I am running on (and out of) battery power now, as the electricity has been down for hours. In the isolated areas, this happens frequently. The Mynah bird in the cage next to me shrieks incredibly loudly and frequently. I want to let it go. And whenever I Skype Susan in the lounge where I can pick up WiFi, a small crowd of smiling locals gather, amazed. At first they thought the image on my net book was television, until I told Susan to wave to them and say ‘hello’ in Thai. I will not be able to transmit until we have power (and WiFi). I guess this is what I should expect in remote mountain towns at the Thai/Burmese border. One learns quickly to immediately plug in their recharger whenever there is working current.I stayed at a luxurious isolated resort on the River Kwai. I was the only guest there, so I had the use of the entire facility to myself. So late at night I went to the pool, declared it ‘nude swimming night’, and jumped in. Swimming in the River Kwai would have been better, but I was fearful of getting washed downstream in the rapid current. It seems like when I am on a bicycle, I manage to find all these isolated, empty resorts. For $10 to $15 @ night, I live well.
I left early next morning pedaling up-mountain to the Sai Yok National Park. About 2/3rd of the way there is the Hellfire Pass Museum. By all accounts, this was the worst part of the ‘Railway of Death’. I have been following its tracks as I pedal northwest to Burma, and this is next on my tour.
I pedaled up to the site sweaty and heat-exhausted from the uphill climb. I guzzled a bottle of cold water as a bus load of older Australian men disembarked. Some clearly were military vets.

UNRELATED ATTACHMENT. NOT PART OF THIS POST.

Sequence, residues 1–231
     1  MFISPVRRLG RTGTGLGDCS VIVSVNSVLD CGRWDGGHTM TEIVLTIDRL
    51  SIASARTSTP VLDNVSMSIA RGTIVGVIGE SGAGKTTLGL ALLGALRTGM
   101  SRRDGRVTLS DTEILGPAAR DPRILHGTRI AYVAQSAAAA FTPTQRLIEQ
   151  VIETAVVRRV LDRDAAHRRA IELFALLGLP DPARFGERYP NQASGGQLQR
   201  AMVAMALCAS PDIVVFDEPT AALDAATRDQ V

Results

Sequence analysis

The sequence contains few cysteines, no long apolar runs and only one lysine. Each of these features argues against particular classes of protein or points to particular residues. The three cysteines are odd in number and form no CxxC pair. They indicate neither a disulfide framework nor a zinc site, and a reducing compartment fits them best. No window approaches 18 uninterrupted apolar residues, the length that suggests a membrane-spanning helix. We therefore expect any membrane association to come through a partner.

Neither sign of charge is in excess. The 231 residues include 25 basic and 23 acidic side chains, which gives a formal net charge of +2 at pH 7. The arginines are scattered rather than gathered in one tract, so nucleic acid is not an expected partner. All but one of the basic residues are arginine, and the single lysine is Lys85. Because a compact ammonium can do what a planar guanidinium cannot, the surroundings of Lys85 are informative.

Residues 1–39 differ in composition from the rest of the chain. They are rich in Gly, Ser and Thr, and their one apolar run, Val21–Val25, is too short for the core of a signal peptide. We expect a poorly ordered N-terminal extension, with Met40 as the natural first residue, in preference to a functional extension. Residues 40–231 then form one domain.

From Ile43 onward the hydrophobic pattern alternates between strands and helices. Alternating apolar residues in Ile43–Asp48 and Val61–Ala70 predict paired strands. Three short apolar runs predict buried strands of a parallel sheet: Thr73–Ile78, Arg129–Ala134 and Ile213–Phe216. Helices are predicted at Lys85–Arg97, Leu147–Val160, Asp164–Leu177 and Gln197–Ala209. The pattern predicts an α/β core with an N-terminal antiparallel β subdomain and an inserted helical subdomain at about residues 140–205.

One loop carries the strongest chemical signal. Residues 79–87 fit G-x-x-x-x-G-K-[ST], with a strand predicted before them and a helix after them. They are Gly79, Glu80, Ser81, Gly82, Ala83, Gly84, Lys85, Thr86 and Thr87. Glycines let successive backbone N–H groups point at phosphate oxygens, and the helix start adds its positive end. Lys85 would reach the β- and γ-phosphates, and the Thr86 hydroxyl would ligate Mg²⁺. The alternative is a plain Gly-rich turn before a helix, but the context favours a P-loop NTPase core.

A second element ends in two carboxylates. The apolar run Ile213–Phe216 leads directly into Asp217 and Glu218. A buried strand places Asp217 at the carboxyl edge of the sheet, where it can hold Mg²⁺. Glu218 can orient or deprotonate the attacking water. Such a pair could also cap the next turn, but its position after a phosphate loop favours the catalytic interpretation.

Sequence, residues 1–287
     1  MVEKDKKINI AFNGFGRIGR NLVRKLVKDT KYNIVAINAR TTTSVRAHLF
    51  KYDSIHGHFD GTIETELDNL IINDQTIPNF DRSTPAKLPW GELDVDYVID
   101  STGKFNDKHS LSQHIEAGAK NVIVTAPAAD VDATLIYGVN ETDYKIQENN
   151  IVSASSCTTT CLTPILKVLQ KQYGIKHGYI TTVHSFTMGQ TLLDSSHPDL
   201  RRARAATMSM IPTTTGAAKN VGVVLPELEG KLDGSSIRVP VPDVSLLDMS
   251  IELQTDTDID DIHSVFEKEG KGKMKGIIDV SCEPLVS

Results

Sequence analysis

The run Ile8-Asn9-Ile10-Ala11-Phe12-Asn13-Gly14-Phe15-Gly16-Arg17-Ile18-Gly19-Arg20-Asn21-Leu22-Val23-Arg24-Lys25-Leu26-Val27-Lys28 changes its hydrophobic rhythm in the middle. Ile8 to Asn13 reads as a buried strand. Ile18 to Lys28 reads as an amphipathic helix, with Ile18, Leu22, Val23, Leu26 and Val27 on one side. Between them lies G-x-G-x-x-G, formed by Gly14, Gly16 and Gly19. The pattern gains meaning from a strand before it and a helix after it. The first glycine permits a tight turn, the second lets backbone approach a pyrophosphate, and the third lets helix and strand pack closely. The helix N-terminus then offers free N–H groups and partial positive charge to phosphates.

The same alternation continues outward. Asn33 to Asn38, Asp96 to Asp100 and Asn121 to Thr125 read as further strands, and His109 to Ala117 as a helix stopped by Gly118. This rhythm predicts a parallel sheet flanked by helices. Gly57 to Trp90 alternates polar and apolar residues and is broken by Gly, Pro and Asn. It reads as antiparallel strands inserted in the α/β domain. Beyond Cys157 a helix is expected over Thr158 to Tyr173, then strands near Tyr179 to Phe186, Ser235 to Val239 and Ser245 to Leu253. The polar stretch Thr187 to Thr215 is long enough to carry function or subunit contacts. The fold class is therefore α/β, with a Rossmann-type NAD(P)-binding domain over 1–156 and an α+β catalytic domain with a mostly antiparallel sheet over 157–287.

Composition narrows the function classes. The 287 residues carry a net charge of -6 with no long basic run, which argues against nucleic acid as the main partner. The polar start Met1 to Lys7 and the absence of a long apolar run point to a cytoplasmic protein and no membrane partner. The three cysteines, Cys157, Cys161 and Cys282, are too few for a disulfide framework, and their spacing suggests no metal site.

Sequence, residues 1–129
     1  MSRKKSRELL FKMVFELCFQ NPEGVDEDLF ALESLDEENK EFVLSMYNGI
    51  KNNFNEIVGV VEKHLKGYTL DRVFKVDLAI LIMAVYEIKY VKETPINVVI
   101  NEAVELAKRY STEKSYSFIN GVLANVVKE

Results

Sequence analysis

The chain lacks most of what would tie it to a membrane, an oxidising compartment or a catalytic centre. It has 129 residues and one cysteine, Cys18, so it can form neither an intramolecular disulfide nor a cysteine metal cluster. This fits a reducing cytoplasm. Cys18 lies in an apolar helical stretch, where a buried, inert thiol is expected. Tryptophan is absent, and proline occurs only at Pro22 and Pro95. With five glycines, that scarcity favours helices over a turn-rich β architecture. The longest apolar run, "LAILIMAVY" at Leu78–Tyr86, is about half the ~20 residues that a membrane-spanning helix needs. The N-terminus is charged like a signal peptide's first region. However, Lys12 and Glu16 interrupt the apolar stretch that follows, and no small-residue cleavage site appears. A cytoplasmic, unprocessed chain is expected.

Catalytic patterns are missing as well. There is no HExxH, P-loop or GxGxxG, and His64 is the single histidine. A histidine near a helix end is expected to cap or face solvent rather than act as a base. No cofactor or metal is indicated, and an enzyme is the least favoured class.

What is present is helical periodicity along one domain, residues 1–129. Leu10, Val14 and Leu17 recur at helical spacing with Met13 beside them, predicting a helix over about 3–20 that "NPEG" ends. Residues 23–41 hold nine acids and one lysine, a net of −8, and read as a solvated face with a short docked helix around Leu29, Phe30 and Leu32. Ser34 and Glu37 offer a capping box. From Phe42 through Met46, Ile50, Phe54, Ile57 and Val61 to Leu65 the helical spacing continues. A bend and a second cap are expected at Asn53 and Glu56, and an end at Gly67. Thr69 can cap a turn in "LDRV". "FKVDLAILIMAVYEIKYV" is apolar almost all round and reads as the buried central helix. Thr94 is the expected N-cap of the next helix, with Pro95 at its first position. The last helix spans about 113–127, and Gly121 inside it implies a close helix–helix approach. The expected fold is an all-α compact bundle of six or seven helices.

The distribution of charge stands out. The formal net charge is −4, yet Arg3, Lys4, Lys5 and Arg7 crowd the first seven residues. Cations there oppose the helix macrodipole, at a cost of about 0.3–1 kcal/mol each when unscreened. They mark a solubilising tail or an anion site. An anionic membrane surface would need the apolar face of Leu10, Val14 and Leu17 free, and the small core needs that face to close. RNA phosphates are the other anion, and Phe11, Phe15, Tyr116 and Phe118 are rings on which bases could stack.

It was here that British and Australian POW/slaves were told to cut by hand a railroad passage into a solid rock cliff 100 meters long and 30 meters high. They would first have to remove all the over-brush and dirt, and then cut via sledgehammer and pick straight into the rock. The work went on 24 hours a day under the sadistic control of mostly Korean guards who arbitrarily threw boulders on the men from above, or beat, tortured, and/or shot them. The ratio of deaths here of the slaves to railway progress was measured in inches. One of the ironies at this location was that in the midst of all the torture and brutality, the former prisoners all commented as to how incredibly beautiful the views were of the virgin tropical forest in the valley below, and of the mountains on the other side. Many had this last view as they died. Sadly, all the veterans who now return comment that ALL of the forest has been cut down, replaced by bamboo.
Part of the ‘House of Cards’ bridge once stood here. It was was a triple tier bridge, built of anything available from the jungle. It got its name because it collapsed three times during construction, killing or critically injuring over 90 men.
From here I rode up to Sai Yok National Park. This is a good park, that mixes human and natural history. One can stay on a raft floating on the Kwai or other in-park lodging. Next to the rafts is this waterfall. You can swim under it, in clean water, but you risk being swept downstream. No one could swim upstream in this current.
I hiked thru the woodlands and forest. Here they have allowed the native teak and mahogany to grow. I wanted to visit the cave where the world’s smallest mammal was discovered in the early 1970’s. It is the Kitti’s hog-nosed bat. It is smaller than the end joint of your little finger and weighs 2 grams. It eats a few mosquitoes on an evening flight, and then calls it a night. It, like so many other creatures around here, is endangered. They have found it in a few caves in nearby Burma, and that is the extent of its known range.
I knew I was not going to see one in the daytime. But I was shocked to watch a young couple enter the cave with a flashlight to find them. They would also be disturbing them, and running the risk of bringing in infections. The caves of our endangered Indiana Bat are well protected. Some have locked gates to prevent human entry. I wish they would do the same thing here. Do a Google on the Kitti bat if you want to see photos of this incredible creature.
(next: the foods in the marketplaces of the Burmese mountains)